• Immigration/migration and healthy publics: the threat of food insecurity

      Carney, Megan A.; Krause, Keegan C.; Univ Arizona, Sch Anthropol; Univ Arizona, Ctr Reg Food Studies; Univ Arizona, Mel & Enid Zuckerman Coll Publ Hlth; Univ Arizona, Ctr Latin Amer Studies (PALGRAVE MACMILLAN LTD, 2020-05-13)
      Global climate change and the continued neoliberalization of food systems have exacerbated levels of food insecurity and hunger, producing an ever-expanding population of displaced persons who are also nutritionally vulnerable. Restrictive immigration policies in post-arrival and resettlement contexts compound with other cultural, social, political, and economic conditions to negatively affect the food security and health of displaced persons. This article engages a comparative ethnographic perspective for examining the migration-food security nexus. Drawing on ethnographic research with Mexican and Central American im/migrants in the Western United States, Haitian im/migrants in the Dominican Republic, and African im/migrant populations in Italy, this article analyzes local experiences of food insecurity in restrictive immigration policy contexts through an intersectional lens. Finally, this article examines the possibilities for engaged research oriented toward generating "healthy publics" and addressing food insecurity across disparate geographical and political settings and amid structural and social constraints.
    • International Students Seeking Political Stability and Safety in South Africa

      Lee, Jenny J.; Sehoole, Chika; Univ Arizona, Ctr Study Higher Educ (PALGRAVE MACMILLAN LTD, 2020-06)
      Given the increasing rate of South to South migration and South Africa's leading role as a host for internally displaced migrants as well as Africa's international students, this study examined this intersection of international students who selected the country for political stability and safety. The findings revealed that while these students were generally more highly prepared academically, more satisfied with university facilities and staff, and experienced fewer academic hurdles than their international student counterparts, they encountered greater challenges in regard to finances, living support and discrimination. The study calls for clearer acknowledgement in policy and specialized support for refugee and asylum seekers' unique situations and needs.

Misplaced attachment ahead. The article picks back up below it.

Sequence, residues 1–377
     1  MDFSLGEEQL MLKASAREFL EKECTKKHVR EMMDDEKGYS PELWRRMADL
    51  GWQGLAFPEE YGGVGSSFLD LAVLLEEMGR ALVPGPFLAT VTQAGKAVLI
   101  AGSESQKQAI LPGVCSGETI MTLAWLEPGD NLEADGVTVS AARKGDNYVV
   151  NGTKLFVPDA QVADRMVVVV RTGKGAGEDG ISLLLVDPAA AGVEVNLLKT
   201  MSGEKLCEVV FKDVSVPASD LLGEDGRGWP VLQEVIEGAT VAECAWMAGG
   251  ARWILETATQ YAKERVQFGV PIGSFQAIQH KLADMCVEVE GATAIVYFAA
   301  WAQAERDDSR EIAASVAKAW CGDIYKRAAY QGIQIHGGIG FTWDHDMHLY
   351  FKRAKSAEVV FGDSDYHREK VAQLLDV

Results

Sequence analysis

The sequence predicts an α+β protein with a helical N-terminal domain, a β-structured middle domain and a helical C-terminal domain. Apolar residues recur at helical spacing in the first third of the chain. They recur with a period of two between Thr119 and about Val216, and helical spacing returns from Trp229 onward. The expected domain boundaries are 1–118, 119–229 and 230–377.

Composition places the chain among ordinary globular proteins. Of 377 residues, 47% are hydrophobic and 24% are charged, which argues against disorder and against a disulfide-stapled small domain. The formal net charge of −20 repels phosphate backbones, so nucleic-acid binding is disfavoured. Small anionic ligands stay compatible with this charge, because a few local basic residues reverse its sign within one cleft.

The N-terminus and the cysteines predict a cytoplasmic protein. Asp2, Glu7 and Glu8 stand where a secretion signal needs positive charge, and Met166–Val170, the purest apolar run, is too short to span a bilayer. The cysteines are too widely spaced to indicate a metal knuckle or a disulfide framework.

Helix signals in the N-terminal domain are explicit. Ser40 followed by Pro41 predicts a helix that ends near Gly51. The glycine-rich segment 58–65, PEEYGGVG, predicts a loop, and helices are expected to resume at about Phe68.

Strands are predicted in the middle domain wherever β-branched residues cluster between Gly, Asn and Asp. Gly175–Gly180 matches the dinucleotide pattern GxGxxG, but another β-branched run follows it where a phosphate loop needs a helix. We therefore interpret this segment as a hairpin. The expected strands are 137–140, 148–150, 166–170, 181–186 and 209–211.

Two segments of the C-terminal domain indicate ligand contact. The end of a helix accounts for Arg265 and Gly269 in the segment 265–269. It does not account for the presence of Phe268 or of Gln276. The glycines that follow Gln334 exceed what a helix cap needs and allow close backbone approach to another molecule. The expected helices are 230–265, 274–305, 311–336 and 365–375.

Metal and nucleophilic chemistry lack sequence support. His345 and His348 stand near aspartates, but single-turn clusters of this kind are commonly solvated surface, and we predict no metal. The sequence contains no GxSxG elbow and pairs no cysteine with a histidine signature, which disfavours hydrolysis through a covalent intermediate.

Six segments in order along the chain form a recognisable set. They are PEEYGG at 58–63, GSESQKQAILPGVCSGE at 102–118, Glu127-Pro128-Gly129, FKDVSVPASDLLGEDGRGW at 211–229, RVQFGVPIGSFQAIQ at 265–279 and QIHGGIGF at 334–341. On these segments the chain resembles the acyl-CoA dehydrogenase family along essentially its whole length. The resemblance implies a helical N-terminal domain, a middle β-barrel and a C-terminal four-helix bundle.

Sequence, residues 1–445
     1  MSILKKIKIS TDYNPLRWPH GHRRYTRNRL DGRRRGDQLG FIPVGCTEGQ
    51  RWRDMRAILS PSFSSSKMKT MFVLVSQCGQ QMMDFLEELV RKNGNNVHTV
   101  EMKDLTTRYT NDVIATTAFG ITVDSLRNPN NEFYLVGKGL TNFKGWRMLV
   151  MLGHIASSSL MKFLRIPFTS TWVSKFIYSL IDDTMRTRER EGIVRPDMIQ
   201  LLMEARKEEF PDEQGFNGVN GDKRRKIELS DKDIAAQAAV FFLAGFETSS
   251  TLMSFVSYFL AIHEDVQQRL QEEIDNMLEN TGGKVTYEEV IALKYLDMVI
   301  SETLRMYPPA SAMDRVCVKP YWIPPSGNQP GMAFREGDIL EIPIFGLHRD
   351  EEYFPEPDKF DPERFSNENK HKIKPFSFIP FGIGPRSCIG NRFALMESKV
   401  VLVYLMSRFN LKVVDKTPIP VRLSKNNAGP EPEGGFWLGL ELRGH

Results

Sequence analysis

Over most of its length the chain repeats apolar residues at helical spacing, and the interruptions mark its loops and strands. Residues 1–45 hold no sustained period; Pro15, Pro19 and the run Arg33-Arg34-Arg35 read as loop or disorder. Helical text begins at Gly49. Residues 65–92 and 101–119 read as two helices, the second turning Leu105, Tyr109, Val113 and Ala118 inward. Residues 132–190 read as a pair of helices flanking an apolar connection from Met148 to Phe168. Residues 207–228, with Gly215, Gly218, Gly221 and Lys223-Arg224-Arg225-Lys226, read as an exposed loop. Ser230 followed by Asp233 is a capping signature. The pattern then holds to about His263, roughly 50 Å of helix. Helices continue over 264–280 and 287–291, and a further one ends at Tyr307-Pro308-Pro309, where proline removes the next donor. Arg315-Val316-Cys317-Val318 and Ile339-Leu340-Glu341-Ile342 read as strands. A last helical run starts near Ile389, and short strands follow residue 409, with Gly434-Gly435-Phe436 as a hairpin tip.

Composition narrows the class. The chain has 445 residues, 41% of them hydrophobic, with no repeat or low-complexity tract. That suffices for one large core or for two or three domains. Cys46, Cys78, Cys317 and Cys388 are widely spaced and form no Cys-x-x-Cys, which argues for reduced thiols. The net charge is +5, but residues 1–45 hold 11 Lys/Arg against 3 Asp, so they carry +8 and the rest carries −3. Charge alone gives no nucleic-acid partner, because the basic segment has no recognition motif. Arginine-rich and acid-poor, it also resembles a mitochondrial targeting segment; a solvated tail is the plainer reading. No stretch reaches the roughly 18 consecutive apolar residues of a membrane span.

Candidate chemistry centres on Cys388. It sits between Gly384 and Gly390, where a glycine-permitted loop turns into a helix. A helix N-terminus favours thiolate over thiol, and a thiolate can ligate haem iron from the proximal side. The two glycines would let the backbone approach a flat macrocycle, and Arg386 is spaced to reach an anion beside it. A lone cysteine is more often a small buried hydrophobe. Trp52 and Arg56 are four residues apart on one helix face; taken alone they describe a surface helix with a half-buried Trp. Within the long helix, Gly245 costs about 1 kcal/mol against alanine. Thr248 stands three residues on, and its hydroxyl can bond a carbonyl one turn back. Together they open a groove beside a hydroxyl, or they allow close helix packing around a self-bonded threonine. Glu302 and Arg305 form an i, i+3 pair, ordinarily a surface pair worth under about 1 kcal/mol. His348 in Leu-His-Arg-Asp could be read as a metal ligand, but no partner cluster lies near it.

• Speaking of trauma: the race talk, the gun violence talk, and the racialization of gun trauma

      Armstrong, Madison; Carlson, Jennifer; Univ Arizona, Sch Sociol, Social Sci Bldg (PALGRAVE MACMILLAN LTD, 2019-10-01)
      This paper considers the intersection of race and gun violence through the lens of trauma. We focus on two high-profile cases of gun violence: the state-deemed justifiable homicide of Trayvon Martin in Sanford, Florida, on February 26, 2012 and the active shooting that took place at Marjory Stoneman Douglas High School in Parkland, Florida, on February 14, 2018. These cases illustrate not just how people in the US experience gun violence in racially divergent ways (as existing literature suggests) but also how people-particularly parents-manage the anticipation of gun violence and its trauma. To this end, we develop the concept of "anticipatory trauma" and illustrate it by analyzing a set of social practices that have emerged surrounding gun violence: parents' conversations with their children aimed at explaining and addressing their children's unique risk of gun violence. Building on existing literature on "the Talk" among African American parents, we analyze a racial bifurcation in how parents talk about gun violence. Specifically, we detail "the Race Talk" (in relation to the Trayvon Martin case) and "the Gun Violence Talk" (in relation to the Parkland case), which differentially construct children's vulnerability, the social phenomena that render them vulnerable, and the appropriate solutions for addressing that vulnerability. Without understanding anticipatory trauma as a racialized phenomenon, we risk leveling the gun violence debate-and creating gun policy that is neither politically meaningful nor practically effective for addressing the broad but complex issue of gun violence.